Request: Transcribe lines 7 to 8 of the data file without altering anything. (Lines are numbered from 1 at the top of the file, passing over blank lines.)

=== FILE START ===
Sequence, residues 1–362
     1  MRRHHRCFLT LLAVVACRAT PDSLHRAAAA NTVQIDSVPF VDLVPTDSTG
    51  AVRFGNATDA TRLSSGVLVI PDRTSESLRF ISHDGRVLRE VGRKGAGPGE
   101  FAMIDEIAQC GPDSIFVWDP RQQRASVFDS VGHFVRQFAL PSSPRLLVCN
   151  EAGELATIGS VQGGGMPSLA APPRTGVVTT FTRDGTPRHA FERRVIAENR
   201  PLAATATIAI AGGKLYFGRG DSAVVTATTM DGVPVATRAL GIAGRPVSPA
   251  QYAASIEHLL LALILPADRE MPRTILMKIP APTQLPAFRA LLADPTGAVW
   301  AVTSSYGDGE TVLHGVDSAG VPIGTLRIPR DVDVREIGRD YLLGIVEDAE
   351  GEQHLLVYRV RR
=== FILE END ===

   251  QYAASIEHLL LALILPADRE MPRTILMKIP APTQLPAFRA LLADPTGAVW
   301  AVTSSYGDGE TVLHGVDSAG VPIGTLRIPR DVDVREIGRD YLLGIVEDAE